The Beast that Lurks in the Shadows of Your Soul — Overcoming Toxic Masculinity Part 1.
Twenty-eight years ago, a young man named Marc Lepine walked into a classroom in Montreal’s École Polytechnique with a semi-automatic rifle in hand. He separated the women from the men and then fired on all nine female students, killing six. He then systematically moved through the campus, shooting women as went, killing a total of fourteen people and wounding fourteen more.
It’s a sad moment in our history, a reminder that beneath the thin veneer of tolerance we project to the rest of the world, the same bigotry and misogyny that we decry in others still exist in the hearts of many Canadians.
The media has spent nearly thirty years analyzing Lepine’s motives. There seems to be no end of people who will look back on a tragedy like this and insist that we’ll never really know the killer’s motivations, but in Lepine’s case, I should think it would be obvious. The man literally shouted, “You’re women. You’re going to be engineers. You’re all a bunch of feminists. I hate feminists,” before opening fire on those first nine students. When the killer himself tells you that his purpose is to fight feminism, believe him.
This mealy-mouthed refusal to acknowledge misogyny is a consequence of our fear that such violent impulses exist within us. Deep down, we want to tell ourselves, “I’m not like that. I’m one of the good ones.” It’s easier to construct a narrative where men like Marc Lepine and Elliot Rodger are mysterious figures with inscrutable motivations than it is to admit that we’ve all been taught to hate women.
But any dream of a society in which women can go out alone at night without the fear of violence remains unattainable until we acknowledge the ugliness within ourselves. Over a quarter century since the Lepine’s massacre, and things haven’t changed all that much. Most victims of sexual assault are women, and in most cases, the perpetrator was a man. In cases of intimate partner violence, it’s almost always a man assaulting a woman and not the other way around.
I was asked to write a piece on toxic masculinity for the anniversary of the Montreal Massacre, and I could give you all the standard talking points. I could show you the stats on violence against women, then cross my arms, tap my foot and say, “Gentlemen, we need to do better.” In fact, I’ve written that kind of article before.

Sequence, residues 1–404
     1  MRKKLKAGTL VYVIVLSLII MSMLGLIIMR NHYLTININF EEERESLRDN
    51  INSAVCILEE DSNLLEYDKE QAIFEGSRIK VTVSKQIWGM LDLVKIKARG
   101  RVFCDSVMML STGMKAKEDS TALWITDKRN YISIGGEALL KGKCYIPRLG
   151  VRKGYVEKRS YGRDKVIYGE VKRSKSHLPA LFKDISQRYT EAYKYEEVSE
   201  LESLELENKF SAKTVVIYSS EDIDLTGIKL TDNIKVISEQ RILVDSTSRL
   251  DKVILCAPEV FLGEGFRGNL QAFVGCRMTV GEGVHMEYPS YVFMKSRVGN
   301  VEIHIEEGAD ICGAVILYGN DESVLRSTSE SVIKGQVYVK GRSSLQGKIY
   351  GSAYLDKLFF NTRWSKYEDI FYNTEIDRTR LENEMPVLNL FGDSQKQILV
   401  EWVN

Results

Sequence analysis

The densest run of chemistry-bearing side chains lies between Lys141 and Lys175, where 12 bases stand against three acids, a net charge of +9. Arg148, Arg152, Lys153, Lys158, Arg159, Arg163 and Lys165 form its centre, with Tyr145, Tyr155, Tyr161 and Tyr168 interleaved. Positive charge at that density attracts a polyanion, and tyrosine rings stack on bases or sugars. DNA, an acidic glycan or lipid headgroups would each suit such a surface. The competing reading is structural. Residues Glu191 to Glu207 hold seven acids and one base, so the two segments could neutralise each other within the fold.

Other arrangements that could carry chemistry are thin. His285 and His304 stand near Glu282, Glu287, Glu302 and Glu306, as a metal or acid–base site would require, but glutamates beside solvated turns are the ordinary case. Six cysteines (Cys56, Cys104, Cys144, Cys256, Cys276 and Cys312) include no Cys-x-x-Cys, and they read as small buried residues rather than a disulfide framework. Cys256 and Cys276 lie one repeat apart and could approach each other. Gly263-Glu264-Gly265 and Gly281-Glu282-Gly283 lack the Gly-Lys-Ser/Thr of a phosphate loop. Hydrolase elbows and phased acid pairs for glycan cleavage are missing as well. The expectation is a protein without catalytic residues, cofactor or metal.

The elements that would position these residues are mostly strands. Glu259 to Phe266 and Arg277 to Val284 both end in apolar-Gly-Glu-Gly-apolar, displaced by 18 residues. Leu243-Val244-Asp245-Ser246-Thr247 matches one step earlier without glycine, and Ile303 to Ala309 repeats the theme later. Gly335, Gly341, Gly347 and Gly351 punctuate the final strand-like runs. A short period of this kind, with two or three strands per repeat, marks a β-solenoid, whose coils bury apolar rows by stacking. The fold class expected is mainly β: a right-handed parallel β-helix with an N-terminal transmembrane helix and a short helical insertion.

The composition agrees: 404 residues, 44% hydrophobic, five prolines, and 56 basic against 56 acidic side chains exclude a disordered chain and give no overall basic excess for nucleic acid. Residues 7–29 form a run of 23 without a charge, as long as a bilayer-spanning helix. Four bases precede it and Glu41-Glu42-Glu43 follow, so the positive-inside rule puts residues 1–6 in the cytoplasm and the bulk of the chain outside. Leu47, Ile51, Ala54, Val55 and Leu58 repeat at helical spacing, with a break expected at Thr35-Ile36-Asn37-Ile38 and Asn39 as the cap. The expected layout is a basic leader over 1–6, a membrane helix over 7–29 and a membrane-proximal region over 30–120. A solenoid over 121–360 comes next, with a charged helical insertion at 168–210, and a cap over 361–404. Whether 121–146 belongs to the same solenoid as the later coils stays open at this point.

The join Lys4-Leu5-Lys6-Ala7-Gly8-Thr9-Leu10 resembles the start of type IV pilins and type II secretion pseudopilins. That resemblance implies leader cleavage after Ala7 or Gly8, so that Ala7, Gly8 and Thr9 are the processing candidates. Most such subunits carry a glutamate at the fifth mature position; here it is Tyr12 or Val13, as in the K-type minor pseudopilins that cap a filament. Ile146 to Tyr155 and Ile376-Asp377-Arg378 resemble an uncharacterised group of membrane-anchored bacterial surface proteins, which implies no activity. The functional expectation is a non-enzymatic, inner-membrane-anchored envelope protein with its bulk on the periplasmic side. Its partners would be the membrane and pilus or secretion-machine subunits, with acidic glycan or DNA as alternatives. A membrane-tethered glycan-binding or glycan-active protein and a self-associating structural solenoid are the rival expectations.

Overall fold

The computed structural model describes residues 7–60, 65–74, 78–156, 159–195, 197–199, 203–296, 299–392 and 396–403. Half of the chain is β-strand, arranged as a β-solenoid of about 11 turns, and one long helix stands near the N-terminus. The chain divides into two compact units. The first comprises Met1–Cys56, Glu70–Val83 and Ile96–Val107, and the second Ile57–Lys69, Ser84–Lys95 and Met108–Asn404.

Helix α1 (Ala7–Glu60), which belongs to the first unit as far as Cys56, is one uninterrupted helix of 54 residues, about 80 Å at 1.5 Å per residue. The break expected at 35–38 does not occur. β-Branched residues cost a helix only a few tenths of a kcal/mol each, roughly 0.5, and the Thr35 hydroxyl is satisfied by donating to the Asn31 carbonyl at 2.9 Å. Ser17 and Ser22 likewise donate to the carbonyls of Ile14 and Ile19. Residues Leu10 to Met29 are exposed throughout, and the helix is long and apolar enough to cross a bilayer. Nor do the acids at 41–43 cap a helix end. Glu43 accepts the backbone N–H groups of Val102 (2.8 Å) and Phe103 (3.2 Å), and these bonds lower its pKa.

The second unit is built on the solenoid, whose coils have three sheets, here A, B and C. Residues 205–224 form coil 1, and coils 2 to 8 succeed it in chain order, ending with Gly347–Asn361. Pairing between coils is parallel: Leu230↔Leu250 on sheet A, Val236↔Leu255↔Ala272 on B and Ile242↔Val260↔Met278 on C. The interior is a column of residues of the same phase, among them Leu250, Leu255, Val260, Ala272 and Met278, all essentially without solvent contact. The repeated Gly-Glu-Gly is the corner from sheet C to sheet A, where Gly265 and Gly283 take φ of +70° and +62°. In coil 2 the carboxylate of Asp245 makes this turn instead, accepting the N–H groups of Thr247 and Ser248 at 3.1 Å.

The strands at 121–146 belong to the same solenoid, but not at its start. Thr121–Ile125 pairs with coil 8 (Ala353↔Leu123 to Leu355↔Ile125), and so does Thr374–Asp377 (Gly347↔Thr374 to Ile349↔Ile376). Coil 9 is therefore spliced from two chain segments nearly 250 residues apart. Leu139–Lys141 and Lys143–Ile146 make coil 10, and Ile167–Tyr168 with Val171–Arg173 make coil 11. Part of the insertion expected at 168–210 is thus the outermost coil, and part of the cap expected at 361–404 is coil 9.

But shaking my finger at you, and saying, “Do better,” doesn’t leave you with very much insight on how to begin. There are talking points on this subject as well. We could go down the list: listen to women, believe women, take no for an answer, amplify the voices of women, don’t cat-call, stop using misogynistic slurs.
Those are all good things. Do those things.
But they’re only surface changes.
This is an article by a man for men, a primer on how to change who you are on the inside, a guide to freeing yourself from that poisonous anger that urges you to do violence.
It’s not possible to give you step-by-step instructions on how to change yourself; that’s a life-long journey that requires not just one but many shifts in perspective. But you must begin by understanding the source of your anger. The answer is different for each of us, but there are a few common threads. Let me share some of my own story to illustrate the point.
In 2013, I was diagnosed with keratoconus, a degenerative condition that slowly claimed my vision until everything on my left side was just a big, blurry haze. I quit my job when the headaches became unbearable. There were times when the simple act of standing up triggered a dizzy spell that made me fall to the floor.
I couldn’t write.
Creating elaborate stories with complex characters was my one true passion in life, but that too had been taken from me. I’d scrape the bottom of the barrel for ideas, but there was nothing left. Just a profound emptiness where my imagination used to be.
I had a publishing deal for a YA novel that I had completed a year earlier, but that fell apart when my lawyer found loopholes in the contract that would give away the rights to my work. It seemed as if my life was unraveling. All I had left was my relationship.
That’s why it nearly destroyed me when my girlfriend — for the purpose of this article, we’ll call her “Dani” — broke up with me. In her attempts to sabotage our relationship, Dani said some very cruel things.